It has been less than a month since Health and Human Services Secretary Kathleen Sebelius was in Miami. During her last visit HealthCare.gov wasn't working.
This time she surrounded herself with three people who have been able to successfully enroll.
"I will be able to save starting in January $600 a month with a much better policy with a $250 deductable," said Nancy Lewe, a small business owner.
In advance of Friday’s orchestrated press event, Florida Sen. Marco Rubio released a videotaped statement.
"Well my hope is that on her visit here, Secretary Sebelius will take time to speak to the people that have come up to me, or the people I’ve heard from, whose deductibles have gone up to five or six thousand dollars," Rubio said.
Actually, Sebelius presented Florida International University student Marcelo Cantos.
"They told me what I was going to pay a month which is 7 dollars and 3 cents, which is amazing. I was paying around $160 a month when I had insurance with my job. And now I know my deductible is going to be very low,” Cantos said.
Many Hispanics have been slow to enroll. The Spanish-language webpage CuidadoDeSalud.gov wasn't up and running until last week and has been slow to start, Sebelius admitted.
"In large part that was an intentional decision to make sure that the, until the site produced a different consumer experience, we didn't want to invite people to get frustrated all over again," Sebelius said.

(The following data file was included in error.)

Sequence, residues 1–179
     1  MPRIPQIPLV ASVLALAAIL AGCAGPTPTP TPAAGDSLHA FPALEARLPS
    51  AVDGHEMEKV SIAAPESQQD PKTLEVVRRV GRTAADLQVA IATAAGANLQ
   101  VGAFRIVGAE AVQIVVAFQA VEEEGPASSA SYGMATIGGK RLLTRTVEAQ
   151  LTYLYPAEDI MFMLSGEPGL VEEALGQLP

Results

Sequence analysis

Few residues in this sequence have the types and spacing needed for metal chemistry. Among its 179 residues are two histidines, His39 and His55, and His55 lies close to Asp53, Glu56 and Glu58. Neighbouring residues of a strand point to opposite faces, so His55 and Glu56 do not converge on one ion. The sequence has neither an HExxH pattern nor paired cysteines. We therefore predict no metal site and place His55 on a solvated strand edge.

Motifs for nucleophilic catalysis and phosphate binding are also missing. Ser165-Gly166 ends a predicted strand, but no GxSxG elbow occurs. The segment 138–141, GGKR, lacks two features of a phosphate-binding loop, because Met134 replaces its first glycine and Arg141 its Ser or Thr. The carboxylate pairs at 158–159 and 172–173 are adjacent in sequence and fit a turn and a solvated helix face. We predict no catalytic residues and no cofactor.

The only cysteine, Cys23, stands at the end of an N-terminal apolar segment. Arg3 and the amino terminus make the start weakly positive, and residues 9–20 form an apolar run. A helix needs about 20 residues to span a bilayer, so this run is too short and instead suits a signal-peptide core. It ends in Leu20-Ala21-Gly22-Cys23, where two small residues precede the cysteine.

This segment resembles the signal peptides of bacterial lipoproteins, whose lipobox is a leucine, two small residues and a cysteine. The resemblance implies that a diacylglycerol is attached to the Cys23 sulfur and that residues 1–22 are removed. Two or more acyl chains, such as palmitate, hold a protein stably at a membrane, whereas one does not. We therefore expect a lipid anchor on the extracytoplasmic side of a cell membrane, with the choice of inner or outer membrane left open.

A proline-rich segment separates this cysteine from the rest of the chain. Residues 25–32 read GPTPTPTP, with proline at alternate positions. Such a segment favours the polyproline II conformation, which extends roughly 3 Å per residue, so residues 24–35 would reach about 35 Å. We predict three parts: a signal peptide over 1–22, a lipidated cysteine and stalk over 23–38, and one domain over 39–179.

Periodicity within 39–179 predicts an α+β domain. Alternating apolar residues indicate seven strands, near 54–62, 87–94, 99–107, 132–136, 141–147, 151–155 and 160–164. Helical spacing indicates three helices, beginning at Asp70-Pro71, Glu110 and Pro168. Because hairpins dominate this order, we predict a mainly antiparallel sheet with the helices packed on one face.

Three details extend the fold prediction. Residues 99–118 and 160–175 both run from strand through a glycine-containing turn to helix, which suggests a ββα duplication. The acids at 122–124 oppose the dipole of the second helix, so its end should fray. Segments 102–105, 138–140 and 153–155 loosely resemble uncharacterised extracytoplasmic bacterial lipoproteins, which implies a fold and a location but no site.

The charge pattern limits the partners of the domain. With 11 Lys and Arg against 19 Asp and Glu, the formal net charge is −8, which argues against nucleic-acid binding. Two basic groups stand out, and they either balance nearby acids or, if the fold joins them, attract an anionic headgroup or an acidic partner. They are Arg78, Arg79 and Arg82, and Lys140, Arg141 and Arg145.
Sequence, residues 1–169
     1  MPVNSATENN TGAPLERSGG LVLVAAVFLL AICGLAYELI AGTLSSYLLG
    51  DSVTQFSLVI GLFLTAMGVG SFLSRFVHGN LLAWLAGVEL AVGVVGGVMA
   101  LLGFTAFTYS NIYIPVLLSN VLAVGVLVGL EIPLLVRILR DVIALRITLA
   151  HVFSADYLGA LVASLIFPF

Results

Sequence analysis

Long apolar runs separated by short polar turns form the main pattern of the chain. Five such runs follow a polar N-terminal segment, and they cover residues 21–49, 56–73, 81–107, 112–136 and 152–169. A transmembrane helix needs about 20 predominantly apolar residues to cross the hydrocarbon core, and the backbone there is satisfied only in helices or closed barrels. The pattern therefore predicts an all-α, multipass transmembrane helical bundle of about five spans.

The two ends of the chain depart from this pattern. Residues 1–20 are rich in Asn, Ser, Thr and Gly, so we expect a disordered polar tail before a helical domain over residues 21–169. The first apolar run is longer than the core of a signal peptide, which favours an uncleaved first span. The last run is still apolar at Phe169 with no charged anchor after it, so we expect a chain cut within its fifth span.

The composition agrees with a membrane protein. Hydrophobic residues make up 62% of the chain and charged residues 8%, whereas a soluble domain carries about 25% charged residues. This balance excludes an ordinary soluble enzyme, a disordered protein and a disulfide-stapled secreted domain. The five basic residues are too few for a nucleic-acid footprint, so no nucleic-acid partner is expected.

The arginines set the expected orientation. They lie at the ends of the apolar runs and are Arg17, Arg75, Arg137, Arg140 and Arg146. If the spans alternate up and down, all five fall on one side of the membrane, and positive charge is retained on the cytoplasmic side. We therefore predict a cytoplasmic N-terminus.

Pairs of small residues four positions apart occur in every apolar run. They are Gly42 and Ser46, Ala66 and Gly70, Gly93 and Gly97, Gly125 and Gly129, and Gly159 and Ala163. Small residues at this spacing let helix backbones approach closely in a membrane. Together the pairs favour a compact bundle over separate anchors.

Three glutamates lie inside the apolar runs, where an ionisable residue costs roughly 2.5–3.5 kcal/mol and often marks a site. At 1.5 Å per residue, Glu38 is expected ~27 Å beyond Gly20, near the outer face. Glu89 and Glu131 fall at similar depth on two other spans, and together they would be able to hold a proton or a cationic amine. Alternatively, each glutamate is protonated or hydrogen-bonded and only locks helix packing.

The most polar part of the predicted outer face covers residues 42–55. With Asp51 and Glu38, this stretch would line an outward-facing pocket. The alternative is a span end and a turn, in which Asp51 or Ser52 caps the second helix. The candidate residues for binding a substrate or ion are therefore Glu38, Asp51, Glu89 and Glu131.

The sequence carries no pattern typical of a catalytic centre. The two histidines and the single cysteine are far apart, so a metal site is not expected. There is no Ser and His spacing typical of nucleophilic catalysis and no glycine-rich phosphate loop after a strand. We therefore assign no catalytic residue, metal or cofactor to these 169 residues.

More Floridians are signing up for the federal health insurance program than residents in any other state relying on the federal exchange. According to figures released Wednesday by the Health and Human Services Department, nearly 18,000 have registered over the last two months.
Nearly 14,500 Floridians signed up under the Affordable Care Act in November. That compares to about 11,000 in Texas – another populous state that's using the federal government's website.
On Friday Sebelius was asked about PolitiFact naming as its “Lie of the Year” the president's statement "If you like your health care plan, you can keep it.” Sebelius refused to say whether she had offered her resignation in light of the botched launch of the insurance marketplace.
"I'm not going to discuss what I talk about to the president," Sebelius said.
There's also the issue of enrollment errors.
"What we are urging consumers to do is if you have enrolled and haven’t heard from your insurance company, call them. Because we want to make sure that you are definitely in the system," Sebelius said.
Florida's November enrollment figures are considerably higher than the dismal 3,500 in October when sign-ups were hampered by technical glitches. That's still far less than what officials had originally projected.
The cutoff date for signing up for coverage that begins Jan. 1 is just 10 days away. Open enrollment ends at the end of March.